Product leadership refers to a cross-departmental approach to making an organization’s products a success. It is not one singular role but a collection of responsibilities shared by department leads, managers, and even C-suite employees.
Product leadership doesn’t refer strictly to a Product team, nor does it refer to a Product Manager or Product Owner who leads the team. Instead, product leadership is a cross-department strategic concept that operates at a holistic level and is responsible for nurturing an environment that delivers products that delight their customers.
Product leadership is important because it gives Product Managers and teams the strategic guidance and bandwidth to focus on building better products.
With the high-level management of the development process taken care of by product leadership, PMs are free to do what they do best — and the same goes for Product Owners.
While product leaders can hold almost any role — including C-suite roles such as the CEO or CTO — their goals are broadly aligned.
They care about creating a culture within the organization focused on delivering outstanding products in the most streamlined way possible. Unlike more hands-on roles such as Product Owners, members of product leadership will focus on more high-level tactical activities, including:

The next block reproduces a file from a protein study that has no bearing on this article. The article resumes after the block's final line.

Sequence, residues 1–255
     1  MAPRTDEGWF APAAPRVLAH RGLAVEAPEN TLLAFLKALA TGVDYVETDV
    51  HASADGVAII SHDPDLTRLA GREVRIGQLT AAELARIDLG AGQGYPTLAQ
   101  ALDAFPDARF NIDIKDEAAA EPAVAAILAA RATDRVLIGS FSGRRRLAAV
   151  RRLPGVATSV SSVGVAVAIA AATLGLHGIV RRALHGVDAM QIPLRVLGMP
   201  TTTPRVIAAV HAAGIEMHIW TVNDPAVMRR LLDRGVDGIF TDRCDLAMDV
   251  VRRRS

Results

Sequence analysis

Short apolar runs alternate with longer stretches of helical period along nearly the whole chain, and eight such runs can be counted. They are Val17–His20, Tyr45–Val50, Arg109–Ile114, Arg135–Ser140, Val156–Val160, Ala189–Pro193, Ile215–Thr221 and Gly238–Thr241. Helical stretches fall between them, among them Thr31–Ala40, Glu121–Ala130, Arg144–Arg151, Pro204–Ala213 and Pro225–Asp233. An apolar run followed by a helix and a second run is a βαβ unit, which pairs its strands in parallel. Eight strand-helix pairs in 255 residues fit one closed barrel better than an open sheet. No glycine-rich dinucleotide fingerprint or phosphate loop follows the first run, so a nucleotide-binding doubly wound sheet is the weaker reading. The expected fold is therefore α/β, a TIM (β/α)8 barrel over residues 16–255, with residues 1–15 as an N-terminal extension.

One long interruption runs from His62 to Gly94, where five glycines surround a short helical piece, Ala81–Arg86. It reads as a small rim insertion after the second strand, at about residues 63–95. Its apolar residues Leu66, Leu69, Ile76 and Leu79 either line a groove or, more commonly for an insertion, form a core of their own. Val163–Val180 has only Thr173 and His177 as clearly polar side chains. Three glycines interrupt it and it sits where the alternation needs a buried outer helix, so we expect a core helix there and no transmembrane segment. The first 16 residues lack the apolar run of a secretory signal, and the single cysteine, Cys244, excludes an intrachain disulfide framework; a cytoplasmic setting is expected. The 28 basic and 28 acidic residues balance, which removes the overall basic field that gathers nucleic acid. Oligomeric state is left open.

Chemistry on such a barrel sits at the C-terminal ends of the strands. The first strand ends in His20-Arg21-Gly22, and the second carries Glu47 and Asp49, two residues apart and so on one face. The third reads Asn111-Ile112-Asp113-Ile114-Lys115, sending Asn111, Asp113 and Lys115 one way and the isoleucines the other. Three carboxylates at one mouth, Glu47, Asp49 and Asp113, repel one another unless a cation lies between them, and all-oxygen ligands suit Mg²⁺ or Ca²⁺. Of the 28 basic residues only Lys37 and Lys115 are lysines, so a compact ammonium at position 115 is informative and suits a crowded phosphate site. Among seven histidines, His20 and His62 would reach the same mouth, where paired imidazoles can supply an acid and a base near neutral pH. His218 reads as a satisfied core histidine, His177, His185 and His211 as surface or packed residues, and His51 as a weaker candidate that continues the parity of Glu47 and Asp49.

Taking part in the hiring process for new members of the product development team.
Managing product development budgets.
Ensuring that product development roadmaps align with long-term business objectives.
Making certain that Product teams have all of the tools and resources they need to deliver better products.
Communicating with senior leaders within the organization.
It’s clear that product leadership isn’t just one thing but rather a combination of responsibilities that essentially sets the stage for a smooth product development process.
But to actually make this happen, product leaders have to put specific strategies in place. While all companies are set up differently, here are three examples of specific tactics the product leadership might use to create positive product environments for Product teams.
Product teams will look to product leadership to answer questions and offer guidance on topics that can be specific and technical. For this reason, product leaders should be subject matter experts in their industry.
Sometimes, Product teams can become siloed and end up not seeing the forest for the trees when it comes to their output. A product leader can act as a third party to monitor the team’s structure and ensure productivity (and processes) line up with delivering results.
Great products don’t just appear overnight — they’re the culmination of teams working, learning, and growing together. This is why great product leaders should always try to create a product-centric culture conducive to collaborative working.